SWEDEN - Board members sitting on Sweden's review of the AP buffer system argued in favour of the creation of a single fund as a "better alternative" but were handcuffed by government demands to maintain at least three of the five existing funds.

Reducing the number of AP funds has been hotly debated since their creation through a reform at the turn of the millennium, with the inquiry chaired by former investment consultant Mats Langensjö yesterday presenting its recommendations to reduce the number from five to three.

However, a clear majority of experts involved in the inquiry would have wanted all funds to be merged into  a single AP fund with assets in excess of SEK870bn (€97.5bn).

Speaking to IPE, Langensjö was open about the fact that seven of the nine panelists, comprising pensions and investment experts from across Scandinavia, would have liked to see the reform proposals go further - with their suggestion is that all current funds should be merged into one in order to fully benefit from cost efficiencies created by economies of scale.

"The seven experts have been critical of the proposal presented, and therefore me, because they believe a better alternative could have been put forward," he said.

"But the directive stipulated by the Swedish government was clear in that there should be a minimum of three funds. In order to stick to the mandate given this is the best outcome, in my opinion," he added.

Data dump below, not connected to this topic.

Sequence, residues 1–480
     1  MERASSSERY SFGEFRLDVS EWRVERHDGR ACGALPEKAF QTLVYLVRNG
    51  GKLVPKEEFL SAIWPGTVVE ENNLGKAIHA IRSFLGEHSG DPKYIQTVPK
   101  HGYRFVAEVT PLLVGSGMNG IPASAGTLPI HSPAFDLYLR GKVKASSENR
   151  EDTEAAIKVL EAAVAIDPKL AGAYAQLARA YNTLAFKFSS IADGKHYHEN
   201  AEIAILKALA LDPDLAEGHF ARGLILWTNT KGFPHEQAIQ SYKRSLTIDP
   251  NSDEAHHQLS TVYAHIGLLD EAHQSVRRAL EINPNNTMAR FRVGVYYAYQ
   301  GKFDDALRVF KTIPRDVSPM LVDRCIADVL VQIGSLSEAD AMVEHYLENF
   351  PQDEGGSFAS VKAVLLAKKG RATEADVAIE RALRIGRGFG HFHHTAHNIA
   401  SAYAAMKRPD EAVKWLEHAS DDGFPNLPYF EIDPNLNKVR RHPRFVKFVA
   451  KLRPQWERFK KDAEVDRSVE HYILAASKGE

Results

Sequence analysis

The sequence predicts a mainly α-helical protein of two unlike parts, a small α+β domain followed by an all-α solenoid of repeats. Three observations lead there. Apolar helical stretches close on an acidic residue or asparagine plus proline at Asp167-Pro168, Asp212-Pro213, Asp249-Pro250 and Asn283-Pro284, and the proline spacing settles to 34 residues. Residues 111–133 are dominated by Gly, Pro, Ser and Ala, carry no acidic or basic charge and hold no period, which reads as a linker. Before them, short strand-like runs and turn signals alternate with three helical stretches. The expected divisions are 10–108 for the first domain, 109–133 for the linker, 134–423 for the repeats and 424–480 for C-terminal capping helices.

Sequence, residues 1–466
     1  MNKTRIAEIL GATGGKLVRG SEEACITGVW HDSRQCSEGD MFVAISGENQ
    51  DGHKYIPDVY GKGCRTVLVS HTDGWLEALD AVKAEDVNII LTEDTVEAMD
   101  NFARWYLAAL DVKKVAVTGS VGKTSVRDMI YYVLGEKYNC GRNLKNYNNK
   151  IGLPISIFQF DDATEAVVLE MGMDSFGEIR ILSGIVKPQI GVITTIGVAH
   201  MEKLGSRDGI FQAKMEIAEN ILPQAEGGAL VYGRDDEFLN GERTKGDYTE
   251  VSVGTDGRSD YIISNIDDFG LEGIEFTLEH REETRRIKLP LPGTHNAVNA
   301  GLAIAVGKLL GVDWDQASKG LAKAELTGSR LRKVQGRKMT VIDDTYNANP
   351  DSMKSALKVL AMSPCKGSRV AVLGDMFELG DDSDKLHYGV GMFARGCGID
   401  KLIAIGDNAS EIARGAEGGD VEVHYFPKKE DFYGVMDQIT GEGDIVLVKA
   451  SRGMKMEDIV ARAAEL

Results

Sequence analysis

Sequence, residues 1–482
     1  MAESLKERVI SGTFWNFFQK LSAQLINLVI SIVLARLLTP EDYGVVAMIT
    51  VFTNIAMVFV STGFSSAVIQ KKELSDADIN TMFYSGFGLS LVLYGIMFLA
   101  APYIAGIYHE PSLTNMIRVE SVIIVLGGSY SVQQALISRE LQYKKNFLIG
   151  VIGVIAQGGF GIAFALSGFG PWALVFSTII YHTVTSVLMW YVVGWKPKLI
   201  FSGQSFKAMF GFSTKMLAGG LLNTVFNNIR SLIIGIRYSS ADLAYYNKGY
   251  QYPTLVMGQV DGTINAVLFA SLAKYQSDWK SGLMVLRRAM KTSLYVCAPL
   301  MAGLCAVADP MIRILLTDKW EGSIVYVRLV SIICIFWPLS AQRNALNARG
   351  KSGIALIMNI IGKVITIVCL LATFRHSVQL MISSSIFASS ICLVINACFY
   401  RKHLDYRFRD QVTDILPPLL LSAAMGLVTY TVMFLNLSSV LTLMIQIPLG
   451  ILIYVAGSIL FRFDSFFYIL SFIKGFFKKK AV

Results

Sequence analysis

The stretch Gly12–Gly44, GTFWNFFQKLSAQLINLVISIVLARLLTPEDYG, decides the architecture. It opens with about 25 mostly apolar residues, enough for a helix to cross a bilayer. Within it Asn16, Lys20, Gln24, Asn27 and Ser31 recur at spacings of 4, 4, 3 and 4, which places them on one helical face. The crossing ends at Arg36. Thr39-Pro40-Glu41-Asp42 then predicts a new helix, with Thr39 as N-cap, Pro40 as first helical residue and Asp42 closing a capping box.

Langensjö said that the difference of opinion created a "healthy" debate, with chief executive of Denmark's DKK754bn (€101bn) ATP Group Lars Rohde one of the advocates of a single AP fund.

The recommendation from the inquiry board included improving corporate governance, a clear division of responsibilities between the asset owner and the asset manager and replacing current quantitative investment rules with the prudent person principle.

The goal would be achieved by the creation of a new board with overall ownership of the funds assets, according to the report. Pensionsreservstyrelsen, or pension reserve board, would then set the investment objectives and targets together with Pensionsmyndigheten, Swedish Pensions Agency, the administrator of the Swedish national defined contribution system.

Langensjö said it was vital to establish a better connection between the general pension system and the buffer funds. "The 2008 crisis was a shock to the system and it became clear in many countries that it is important to have a model in place that can handle it and the questions asked since has focused on how to manage risk," he added.

He also pointed out that an over-reliance on the equity markets and lack of diversification had incurred costs through loss of performance. "Diversification is key in order to create a robust, truly long-term focused portfolio."

The Swedish AP funds themselves have for some time been vocal about the need for changes to their investment guidelines. In international comparison with equivalent funds, the Swedish buffer funds have an under-allocation to alternatives, in particular commodities and infrastructure.

"The worst case scenario is that nothing is changed," Langensjö said, noting that the changes may still take many years to implement, as acts of parliament were required.